When we were about to leave the public market to walk to Whole Foods, I was getting my stuff together and eyed my headphones with longing. It had been a fun few hours but I could sure use some music right about then to decompress, I thought. Just then, H interrupted my thoughts by asking if it would be all right to listen to her music on speaker in her pocket. "Sure," I said, then realized that we could both get what we wanted. "How about," I said, "we both listen to our music on our headphones on the way there and take a little break?" So we did. We walked down to Whole Foods the Aspie way.
She jumped on the stone wall just because it was there, prancing and moving about with ease, joy, and the vibrant energy I had always been known for. It was, pardon my by-now over used expression, like looking in a mirror. But not a mirror I had ever looked in, because how are you going to put a mirror to yourself when you're walking around Portland, or otherwise going about your daily life? I always wondered what I looked like to others, but tried not to spend much time thinking about it. I could never take their positive assessments of me seriously, simply because I had no concept of what they would look like. I had never seen myself in a mirror before. Not myself when I was truly being me, anyway. Somehow, the negative comments were all so easy to take on faith, but the positive statements? Not so much.
So here I was, seeing myself as others surely must see me, and I liked what I saw. I mentally shook my head at her joie de vivre, her zest, her energy that seemed to fill up the world a million times over. And I thought to myself, is this what Margie meant when she said "like a ray of joyful energy in the middle of the room radiating to others"? Yes, I believe it was. An un-self conscious, purely and wholly herself, ray of light. Which I was seeing outside of myself. Have I mentioned yet how almost-creepy that was?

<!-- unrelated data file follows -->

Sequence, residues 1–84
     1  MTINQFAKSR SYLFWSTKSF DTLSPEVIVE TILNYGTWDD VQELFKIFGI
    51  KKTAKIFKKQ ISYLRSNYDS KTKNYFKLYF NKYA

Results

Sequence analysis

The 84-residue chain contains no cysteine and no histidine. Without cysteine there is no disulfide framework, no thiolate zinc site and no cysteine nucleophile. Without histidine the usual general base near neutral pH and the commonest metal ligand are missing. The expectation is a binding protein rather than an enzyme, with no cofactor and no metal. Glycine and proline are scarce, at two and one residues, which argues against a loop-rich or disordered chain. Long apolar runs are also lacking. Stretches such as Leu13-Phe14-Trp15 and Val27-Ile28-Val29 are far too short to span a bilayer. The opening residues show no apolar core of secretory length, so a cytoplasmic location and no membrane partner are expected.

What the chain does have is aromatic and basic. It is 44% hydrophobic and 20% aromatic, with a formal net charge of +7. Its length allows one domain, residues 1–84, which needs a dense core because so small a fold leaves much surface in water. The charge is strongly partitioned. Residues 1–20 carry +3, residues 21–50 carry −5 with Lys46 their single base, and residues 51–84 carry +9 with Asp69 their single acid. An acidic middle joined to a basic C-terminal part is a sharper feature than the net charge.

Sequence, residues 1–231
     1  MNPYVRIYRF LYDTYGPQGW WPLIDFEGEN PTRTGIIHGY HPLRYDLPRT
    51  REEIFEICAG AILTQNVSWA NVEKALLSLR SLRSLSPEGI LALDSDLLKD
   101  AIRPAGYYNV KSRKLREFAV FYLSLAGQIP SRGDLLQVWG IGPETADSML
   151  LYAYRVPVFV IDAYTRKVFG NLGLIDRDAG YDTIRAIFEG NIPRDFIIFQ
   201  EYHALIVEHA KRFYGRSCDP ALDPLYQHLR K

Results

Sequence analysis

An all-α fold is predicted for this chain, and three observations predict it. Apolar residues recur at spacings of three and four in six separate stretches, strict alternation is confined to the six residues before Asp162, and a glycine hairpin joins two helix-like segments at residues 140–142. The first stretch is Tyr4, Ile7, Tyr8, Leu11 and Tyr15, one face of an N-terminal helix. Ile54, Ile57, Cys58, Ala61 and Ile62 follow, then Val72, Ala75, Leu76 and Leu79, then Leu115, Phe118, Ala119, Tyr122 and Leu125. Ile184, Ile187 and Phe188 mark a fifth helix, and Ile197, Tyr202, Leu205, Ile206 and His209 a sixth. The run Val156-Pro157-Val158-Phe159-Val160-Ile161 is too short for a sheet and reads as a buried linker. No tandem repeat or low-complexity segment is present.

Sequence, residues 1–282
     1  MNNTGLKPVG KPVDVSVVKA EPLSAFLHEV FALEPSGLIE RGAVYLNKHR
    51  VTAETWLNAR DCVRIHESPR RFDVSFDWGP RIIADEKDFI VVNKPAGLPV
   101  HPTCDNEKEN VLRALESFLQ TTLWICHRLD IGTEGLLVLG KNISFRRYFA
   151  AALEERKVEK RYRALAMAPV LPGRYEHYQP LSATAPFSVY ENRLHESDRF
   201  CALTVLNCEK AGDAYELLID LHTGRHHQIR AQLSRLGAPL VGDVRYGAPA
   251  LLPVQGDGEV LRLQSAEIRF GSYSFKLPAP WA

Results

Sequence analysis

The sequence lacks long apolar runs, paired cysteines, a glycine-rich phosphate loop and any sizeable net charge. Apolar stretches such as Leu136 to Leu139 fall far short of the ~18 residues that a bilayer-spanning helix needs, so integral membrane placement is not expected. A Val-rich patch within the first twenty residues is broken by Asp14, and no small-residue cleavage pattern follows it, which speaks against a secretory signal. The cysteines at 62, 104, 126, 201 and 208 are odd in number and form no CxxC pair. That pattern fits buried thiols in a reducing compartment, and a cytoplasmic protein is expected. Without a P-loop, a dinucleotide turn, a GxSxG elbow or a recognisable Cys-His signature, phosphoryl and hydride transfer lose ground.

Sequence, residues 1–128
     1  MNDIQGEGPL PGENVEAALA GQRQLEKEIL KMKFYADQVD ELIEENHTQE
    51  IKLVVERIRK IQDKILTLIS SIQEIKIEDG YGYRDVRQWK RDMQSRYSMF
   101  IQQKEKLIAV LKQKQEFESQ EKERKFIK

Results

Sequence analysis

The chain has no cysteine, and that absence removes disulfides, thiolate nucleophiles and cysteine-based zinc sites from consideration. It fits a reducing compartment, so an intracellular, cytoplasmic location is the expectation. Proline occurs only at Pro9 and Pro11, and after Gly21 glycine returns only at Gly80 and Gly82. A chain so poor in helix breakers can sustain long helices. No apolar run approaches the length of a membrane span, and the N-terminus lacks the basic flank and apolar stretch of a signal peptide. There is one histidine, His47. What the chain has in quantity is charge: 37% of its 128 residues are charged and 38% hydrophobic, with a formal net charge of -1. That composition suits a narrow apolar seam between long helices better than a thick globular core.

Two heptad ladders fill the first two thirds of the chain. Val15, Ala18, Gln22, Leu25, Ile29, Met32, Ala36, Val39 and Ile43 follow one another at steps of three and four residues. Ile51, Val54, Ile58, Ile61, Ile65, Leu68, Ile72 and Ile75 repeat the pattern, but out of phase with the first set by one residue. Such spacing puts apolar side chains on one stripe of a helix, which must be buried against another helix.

She liked to sing. Out loud, like I did. Later, at her house, she would sing to me the country songs we were listening to in a voice so filled with passion, emotion and just pure selfhood that it almost gave me shivers - shivers of recognition. Not of the words, but of the emotions.
"I always wonder what I look like to others," she said. Oh me too, H, me too.
Going the Right Direction
In the car on the way to her house, I tried to figure out where we were. I am terrible with directions and knowing where I am, but lately I've tried to figure it out, at least in the Portland and northern suburbs area. I got tired of not being able to explain where anything was. So when we hit the area with two convenience stores - the name which is, by the way, a holdover of what I called when I was young and there actually used to be two convenience stores - I was trying to think about where we were. "Okay," I said, "This way goes to Cumberland Center, that one goes to Yarmouth, how do we get to Cumberland Foreside from here?" H said to me admiringly "You know so much more about how to get places than I do!" Me? Good at directions? Um, yeah right. I, the queen of not knowing where I am, was being praised for that. What was more significant, though, was that I could tell from her tone of voice that she had the exact same problem I did knowing where she was since she didn't drive.